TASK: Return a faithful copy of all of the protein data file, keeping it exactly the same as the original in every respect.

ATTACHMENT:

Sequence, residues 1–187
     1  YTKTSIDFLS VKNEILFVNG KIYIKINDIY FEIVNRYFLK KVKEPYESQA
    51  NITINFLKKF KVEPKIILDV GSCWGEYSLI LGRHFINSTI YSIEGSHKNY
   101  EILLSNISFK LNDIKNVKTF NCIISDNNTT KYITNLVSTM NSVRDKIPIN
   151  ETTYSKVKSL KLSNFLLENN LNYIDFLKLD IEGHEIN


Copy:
Sequence, residues 1–187
     1  YTKTSIDFLS VKNEILFVNG KIYIKINDIY FEIVNRYFLK KVKEPYESQA
    51  NITINFLKKF KVEPKIILDV GSCWGEYSLI LGRHFINSTI YSIEGSHKNY
   101  EILLSNISFK LNDIKNVKTF NCIISDNNTT KYITNLVSTM NSVRDKIPIN
   151  ETTYSKVKSL KLSNFLLENN LNYIDFLKLD IEGHEIN